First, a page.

After reading through the rest of the responses too, I'm not going to bother writing it out point for point again. It already wasted too much time the last time on someone who doesn't listen anyway.



    Short form:

    - black & white doesn't exist, they are arbitrary imaginary concepts which have no practical value in reality
    - everything has some value, even the worst diseases, the worst wars, the most horrific accidents and disasters, each have brought about beneficial effects as well
    - every form of government is inherently designed for a specific task, and each is best suited to that task under ideal conditions; we don't live in a perfect world however, so the flaws in the reasoning of some are kinda obvious. Communism's an awesome idea... in theory. It doesn't work in practice because it rests on faulty assumptions such as believing people to be hard working citizens and that they care about each other and won't abuse the system
    - every single time yeu've stated 'irrelevant' it's actually been of core importance, which's probably why yeu're having issues understanding the bigger picture here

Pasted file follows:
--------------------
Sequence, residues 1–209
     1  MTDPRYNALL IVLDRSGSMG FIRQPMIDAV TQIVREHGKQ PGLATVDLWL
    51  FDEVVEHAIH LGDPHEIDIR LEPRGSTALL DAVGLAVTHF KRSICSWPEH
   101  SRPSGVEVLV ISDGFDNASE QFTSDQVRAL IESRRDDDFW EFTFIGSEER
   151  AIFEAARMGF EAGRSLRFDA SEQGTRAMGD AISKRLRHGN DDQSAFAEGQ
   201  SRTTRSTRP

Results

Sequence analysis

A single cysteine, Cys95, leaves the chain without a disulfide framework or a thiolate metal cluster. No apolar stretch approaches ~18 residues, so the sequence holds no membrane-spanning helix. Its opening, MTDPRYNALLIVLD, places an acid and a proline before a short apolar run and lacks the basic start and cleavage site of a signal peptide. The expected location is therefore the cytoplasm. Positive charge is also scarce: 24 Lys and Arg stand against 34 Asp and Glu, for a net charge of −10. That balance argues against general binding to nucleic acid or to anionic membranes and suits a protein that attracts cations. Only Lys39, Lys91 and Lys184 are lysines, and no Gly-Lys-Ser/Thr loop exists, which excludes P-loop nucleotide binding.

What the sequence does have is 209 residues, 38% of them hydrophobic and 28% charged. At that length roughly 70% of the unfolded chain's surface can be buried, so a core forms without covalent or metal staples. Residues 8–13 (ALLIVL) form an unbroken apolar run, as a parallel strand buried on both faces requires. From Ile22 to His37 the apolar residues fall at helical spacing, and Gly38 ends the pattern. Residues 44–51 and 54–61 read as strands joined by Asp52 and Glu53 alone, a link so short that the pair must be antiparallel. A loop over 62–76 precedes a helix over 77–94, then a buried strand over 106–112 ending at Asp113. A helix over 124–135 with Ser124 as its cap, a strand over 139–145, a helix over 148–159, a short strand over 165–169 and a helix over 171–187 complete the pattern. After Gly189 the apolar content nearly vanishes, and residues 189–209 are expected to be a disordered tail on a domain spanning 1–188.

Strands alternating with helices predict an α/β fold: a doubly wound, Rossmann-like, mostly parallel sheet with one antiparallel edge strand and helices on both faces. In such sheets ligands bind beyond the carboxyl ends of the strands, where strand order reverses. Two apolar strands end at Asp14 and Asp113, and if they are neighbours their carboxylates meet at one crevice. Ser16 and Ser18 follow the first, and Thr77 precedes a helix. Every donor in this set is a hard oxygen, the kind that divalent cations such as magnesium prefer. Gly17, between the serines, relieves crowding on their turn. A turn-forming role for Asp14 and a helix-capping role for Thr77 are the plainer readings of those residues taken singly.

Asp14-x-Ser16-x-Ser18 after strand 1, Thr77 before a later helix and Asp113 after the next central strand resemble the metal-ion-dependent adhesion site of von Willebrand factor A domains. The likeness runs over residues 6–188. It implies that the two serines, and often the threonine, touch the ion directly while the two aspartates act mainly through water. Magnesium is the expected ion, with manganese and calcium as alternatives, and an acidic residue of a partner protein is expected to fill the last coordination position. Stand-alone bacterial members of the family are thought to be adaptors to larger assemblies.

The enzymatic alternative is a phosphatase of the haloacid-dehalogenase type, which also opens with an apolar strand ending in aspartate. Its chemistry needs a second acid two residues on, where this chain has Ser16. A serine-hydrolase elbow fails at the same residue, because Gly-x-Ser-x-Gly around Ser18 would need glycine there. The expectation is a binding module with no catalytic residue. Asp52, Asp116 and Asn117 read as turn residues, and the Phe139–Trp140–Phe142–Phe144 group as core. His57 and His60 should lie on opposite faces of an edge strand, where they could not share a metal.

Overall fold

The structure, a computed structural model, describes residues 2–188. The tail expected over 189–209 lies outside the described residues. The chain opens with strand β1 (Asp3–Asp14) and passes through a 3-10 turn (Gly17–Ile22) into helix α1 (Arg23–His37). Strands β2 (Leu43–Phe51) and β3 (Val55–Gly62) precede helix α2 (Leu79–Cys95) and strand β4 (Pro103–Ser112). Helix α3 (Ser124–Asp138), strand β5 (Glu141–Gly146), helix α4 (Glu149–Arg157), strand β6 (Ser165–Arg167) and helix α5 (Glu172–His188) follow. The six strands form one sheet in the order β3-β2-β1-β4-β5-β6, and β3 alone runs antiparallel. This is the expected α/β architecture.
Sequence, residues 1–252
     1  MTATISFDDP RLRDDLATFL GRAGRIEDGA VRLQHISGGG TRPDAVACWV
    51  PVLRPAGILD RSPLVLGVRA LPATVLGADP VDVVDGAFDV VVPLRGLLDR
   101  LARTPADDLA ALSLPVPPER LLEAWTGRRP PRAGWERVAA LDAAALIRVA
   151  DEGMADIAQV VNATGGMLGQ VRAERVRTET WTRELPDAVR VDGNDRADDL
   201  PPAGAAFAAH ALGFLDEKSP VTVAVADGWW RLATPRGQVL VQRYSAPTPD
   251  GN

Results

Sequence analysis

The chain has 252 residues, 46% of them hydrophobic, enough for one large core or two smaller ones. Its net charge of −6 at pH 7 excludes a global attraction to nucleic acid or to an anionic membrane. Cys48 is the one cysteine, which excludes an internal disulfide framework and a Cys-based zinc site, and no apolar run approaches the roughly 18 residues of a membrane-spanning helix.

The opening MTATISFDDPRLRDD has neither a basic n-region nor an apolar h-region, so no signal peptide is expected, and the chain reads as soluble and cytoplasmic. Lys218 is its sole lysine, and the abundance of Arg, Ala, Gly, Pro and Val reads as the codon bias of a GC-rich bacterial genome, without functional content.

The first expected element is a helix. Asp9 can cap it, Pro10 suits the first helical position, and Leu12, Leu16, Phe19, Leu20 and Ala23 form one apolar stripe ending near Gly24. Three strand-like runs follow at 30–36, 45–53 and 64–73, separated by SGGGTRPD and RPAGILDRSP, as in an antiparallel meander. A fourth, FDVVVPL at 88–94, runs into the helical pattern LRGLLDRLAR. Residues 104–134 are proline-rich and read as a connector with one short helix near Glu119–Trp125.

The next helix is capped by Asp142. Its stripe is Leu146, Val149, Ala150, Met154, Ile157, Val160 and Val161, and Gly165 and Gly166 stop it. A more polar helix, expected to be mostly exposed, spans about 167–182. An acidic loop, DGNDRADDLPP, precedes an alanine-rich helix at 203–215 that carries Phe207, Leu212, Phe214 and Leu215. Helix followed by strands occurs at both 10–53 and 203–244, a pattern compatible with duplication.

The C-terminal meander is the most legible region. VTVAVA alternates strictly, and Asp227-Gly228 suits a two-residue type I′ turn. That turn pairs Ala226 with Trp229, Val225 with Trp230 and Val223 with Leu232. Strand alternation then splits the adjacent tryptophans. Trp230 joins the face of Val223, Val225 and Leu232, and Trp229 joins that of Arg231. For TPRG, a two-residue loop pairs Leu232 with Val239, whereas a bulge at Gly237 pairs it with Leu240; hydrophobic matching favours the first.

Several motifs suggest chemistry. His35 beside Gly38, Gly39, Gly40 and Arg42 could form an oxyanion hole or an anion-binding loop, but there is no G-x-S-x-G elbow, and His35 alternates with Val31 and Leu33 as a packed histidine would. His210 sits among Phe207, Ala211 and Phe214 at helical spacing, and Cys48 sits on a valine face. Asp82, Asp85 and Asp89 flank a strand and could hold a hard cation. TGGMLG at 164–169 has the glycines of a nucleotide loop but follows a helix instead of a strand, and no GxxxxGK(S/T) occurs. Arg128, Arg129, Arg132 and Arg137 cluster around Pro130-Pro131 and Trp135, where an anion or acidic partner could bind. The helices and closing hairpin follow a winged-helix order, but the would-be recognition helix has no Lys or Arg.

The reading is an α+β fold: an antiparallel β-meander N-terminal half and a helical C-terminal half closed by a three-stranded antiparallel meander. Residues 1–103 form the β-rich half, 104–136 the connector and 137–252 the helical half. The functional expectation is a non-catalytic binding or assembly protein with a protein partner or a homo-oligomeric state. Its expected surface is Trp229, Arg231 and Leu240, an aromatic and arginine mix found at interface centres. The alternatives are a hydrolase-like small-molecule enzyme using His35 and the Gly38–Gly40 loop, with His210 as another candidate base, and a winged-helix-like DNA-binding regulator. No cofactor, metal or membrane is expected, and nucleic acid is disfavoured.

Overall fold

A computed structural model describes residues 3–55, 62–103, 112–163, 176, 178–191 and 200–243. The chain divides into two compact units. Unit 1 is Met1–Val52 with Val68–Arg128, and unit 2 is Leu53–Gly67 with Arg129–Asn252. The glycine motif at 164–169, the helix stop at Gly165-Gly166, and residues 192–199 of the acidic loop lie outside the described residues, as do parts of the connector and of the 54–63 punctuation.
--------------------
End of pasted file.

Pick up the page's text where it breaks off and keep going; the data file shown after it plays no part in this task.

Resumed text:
- the difference between "republican" and "Republican" means nothing in practicality; in theory they are different due to punctuation, in reality, yeu can't 'see' punctuation in speech, and online when it's written, punctuation is optional so has no value. Specifically, I stated that yeu need to define whot yeur views are better, as the broad reaching statement yeu've supplied in dubious context generally just means that yeu haven't really stated anything difinitively, which leaves it up to the reader, who is forced to make generalized assumptions. If yeu want people to know whot yeu're saying, say it clearly, and don't leave anything to question. The whole argument over LP and Libertarians wouldn't've even occured in the first place were it not for that.
    - putting words in someone's mouth for them, and then chastising them for such can, and has, been successfully charged as libel =3 I don't suggest making up statements FOR me and then complaining about them; base it off whot I actually say, not whot yeu make up for me to say in yeur head please
    - government *IS* designed to do whot's best for people as a whole, regardless of whot they think is good for them. Now... whether it's actually efficient or even remotely GOOD at that goal, is an entirely different matter. It's still designed with that concept in mind though, even if it kinda sucks at the whole performance part